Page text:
Microbial community

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A community is an assemblage of species living close enough for potential interactions. Within a community different consortia may be found.

The types of microbes in a community are identified and characterized by several methods. Communities may change over time.

A-I represent organisms, the arrows represent interactions between the organisms, the blue circle represents species that are making up a community. The pink circles represents species that are also part of consortia
A-I represent organisms, the arrows represent interactions between the organisms, the blue circle represents species that are making up a community. The pink circles represents species that are also part of consortia

Bioleaching and wastewater treatment plants are non-sterile environments. Therefore different types of microorganisms will live together in a community. The interactions between the microbes matter much for the outcome of the processes.

Contents

Microbes don't live alone

"Our perception of bacteria as unicellular life forms is deeply rooted in the axenic (‘‘pure’’)-culture paradigm. Since bacteria can, in a strict sense, be diluted to a single cell and studied in liquid culture, this approach has been exploited to study many bacterial activities. Although growing bacteria in liquid or solid media has been the traditional means to study microbial pathogenesis and to uncover some amazing facets of microbial physiology, in nature, bacteria rarely grow as axenic planktonic cultures. Microbial ecology researchers have long recognized that complex bacterial communities drive the biogeochemical cycling that maintains the biosphere. Until recently, the lack of methods for exploring these communities in situ has hampered detailed analyses. Recent advances in microscopy and molecular techniques, however, have made it possible to examine such communities in situ in great detail and without the bias of laboratory cultures. The observation of a wide range of natural habitats has established that bacteria never function as single individuals. Instead, populations of bacteria arise from individual cells, and metabolically similar populations (i.e. teams of several kinds of bacteria that have a similar metabolism), such as sulfate and sulfur-reducing bacteria (SRB), and constitute groupings referred to as guilds."

Image:Conceptual changes in the study of microorganisms by Guerro 2002.jpg

Source: Microbial mats and the search for minimal ecosystems by Guerro, 2002

More effective bioleaching in mixed cultures

Irrespective of concentrate and operating conditions, the same three bacteria dominate bioleaching communities. These are the iron-oxidizing Leptospirillum ferriphilum, the sulfur-oxidizing Acidithiobacillus caldus and the iron- and sulfur-oxidizing Sulfobacillus sp. Still, there is research going on to find the ‘Dream-team consortium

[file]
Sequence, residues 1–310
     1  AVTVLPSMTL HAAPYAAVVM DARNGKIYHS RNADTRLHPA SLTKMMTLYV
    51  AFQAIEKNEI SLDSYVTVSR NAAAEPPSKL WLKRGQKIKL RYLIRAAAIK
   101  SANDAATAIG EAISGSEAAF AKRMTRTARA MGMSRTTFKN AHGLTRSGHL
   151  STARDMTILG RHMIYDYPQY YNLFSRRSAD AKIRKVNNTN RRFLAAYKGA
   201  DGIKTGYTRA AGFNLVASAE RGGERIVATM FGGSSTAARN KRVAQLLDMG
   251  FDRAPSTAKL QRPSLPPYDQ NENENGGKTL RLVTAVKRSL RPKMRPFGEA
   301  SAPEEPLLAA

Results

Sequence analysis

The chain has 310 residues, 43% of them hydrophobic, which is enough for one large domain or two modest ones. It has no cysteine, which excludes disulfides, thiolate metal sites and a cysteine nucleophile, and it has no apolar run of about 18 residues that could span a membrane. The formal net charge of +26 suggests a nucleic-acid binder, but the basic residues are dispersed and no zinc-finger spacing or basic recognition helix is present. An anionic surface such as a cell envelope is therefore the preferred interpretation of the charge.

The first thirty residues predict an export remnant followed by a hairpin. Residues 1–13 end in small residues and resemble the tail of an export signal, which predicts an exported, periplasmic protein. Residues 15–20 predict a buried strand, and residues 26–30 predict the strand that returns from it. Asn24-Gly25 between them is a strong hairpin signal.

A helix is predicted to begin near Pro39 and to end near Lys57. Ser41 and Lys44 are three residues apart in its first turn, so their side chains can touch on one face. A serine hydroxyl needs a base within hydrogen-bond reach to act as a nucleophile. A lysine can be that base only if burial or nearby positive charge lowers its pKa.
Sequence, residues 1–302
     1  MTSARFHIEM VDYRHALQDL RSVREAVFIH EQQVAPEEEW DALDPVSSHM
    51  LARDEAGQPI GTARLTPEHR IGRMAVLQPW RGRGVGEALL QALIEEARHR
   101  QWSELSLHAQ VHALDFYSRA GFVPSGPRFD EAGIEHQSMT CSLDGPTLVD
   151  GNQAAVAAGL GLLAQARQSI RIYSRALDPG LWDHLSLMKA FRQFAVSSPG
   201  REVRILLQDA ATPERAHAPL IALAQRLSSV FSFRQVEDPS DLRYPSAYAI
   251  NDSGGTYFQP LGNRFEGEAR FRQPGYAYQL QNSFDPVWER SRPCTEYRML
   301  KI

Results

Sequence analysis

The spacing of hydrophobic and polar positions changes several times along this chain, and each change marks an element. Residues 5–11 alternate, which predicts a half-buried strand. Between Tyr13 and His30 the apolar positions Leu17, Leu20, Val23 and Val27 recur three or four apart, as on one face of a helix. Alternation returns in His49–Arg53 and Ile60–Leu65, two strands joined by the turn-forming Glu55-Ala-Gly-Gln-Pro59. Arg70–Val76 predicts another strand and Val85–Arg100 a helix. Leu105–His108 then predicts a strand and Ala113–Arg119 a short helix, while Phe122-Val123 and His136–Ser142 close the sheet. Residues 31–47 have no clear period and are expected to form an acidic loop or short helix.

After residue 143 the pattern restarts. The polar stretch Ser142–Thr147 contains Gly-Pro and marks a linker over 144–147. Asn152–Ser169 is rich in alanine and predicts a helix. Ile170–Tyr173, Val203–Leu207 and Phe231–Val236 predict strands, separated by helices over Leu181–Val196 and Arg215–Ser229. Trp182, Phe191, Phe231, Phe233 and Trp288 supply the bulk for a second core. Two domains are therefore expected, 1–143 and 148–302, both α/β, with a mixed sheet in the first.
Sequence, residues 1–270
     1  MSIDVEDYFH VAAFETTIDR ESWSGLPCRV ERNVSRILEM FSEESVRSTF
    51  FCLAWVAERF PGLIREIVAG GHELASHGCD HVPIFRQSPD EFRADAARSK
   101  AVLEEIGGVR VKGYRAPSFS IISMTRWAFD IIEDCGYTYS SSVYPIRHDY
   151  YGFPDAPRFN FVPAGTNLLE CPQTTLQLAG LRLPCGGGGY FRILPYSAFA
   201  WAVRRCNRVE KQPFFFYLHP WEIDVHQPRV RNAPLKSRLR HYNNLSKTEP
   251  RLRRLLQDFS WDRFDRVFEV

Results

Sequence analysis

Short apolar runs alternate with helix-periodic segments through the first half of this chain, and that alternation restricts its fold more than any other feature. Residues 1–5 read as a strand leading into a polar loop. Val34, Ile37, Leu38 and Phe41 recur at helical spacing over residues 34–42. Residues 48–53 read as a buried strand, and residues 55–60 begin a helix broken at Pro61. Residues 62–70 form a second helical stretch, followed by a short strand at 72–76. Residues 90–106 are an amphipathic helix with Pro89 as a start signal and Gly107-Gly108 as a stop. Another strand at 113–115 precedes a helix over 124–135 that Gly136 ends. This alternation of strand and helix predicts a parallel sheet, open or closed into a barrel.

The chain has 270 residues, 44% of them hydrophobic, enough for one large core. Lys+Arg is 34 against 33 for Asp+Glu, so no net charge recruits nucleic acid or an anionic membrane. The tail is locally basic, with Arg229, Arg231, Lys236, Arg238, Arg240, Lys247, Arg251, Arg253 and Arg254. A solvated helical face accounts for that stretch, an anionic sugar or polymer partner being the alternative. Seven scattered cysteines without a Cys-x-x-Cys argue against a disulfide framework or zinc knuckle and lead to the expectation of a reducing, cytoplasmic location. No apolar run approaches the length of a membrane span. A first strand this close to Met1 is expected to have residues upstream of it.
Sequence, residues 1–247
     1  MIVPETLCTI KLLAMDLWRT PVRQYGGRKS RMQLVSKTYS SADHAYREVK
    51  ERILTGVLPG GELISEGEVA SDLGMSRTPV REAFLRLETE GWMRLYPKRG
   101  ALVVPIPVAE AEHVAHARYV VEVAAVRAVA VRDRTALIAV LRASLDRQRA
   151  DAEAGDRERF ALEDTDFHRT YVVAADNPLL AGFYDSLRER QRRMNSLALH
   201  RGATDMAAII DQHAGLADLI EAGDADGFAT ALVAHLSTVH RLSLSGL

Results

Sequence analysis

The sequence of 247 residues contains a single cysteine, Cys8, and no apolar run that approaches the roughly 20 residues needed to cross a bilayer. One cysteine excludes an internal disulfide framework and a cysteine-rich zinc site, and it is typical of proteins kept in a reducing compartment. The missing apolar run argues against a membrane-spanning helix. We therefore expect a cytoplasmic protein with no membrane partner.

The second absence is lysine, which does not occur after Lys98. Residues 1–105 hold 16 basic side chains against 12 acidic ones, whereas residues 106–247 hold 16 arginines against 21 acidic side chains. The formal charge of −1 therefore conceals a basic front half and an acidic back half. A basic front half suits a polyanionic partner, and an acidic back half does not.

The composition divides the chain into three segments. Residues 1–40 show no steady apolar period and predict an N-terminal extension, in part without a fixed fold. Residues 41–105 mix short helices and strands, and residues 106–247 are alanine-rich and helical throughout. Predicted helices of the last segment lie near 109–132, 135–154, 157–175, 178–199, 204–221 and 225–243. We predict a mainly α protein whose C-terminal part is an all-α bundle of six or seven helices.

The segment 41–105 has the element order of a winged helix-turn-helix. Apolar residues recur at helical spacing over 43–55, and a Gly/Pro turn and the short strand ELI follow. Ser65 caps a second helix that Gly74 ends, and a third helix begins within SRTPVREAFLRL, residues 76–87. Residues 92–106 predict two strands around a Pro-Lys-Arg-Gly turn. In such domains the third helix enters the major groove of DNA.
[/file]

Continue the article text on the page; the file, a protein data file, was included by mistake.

Leaching rate depends on the mixture of microbes in the consortia
Leaching rate depends on the mixture of microbes in the consortia

"Chemolithotrophic iron-oxidizing acidophilic bacteria share mineral leaching environments with a range of other microorganisms, including fungi, algae, protozoans, and rotifers, as well as other bacteria (10, 15). Some data indicate that the presence of heterotrophic acidophilic bacteria may enhance the rate of sulfide mineral oxidation by iron-oxidizing acidophiles (28); one way in which this may occur is by the heterotrophic bacteria metabolizing organic materials which inhibit the iron oxidizers and which accumulate in leachate liquids. Acidophilic bacteria which oxidize reduced sulfur compounds but not ferrous iron, such as the obligate chemolithotroph Thiobacillus thiooxidans and the mixotroph Thiobacillus acidophilus, may also aid leaching by producing sulfuric acid; this may be particularly beneficial when these bacteria are present in mixed cultures with L. ferrooxidans, which does not metabolize sulfur (21)."

Source: Bacelar-Nicolau, P., and D. B. Johnson. 1999. Leaching of pyrite by acidophilic heterotrophic iron-oxidizing bacteria in pure and mixed cultures. Appl. Environ. Microbiol. 65:585-590. [1]

Communities removing toxic compounds or producing essential compounds for bioleaching microbes

"Whilst it is often the case that many extremely acidic waters are oligotrophic (containing < 5 mg dissolved organic carbon/l), numbers of heterotrophic prokaryotes even in these environments frequently exceed those of the primary producers. Organic carbon may originate both from outside of the environment (e.g. wind-blown leaves in AMD streams) and from the primary producers themselves (as cell exudates and lysates). In situations where mineral-oxidising primary producing prokaryotes are present in large numbers (such as stirred-tank mineral leaching operations) concentrations of dissolved organic carbon (DOC) may exceed 100 mg/l. Some of the more important mineral-leaching bacteria (in particular Leptospirillum spp.) are highly sensitive to DOC in general and some organic compounds (e.g. organic acids) in particular, and the removal of these materials by heterotrophic prokaryotes becomes critically important. ... "


" ... Other iron- and sulphur-oxidising prokaryotes either require or may utilize (mixotrophs) organic carbon. ..."

Source: Biotechnological potential of pure cultures and consortia of acidophilic microorganisms by Barrie Johnson. Unpublished material

See also

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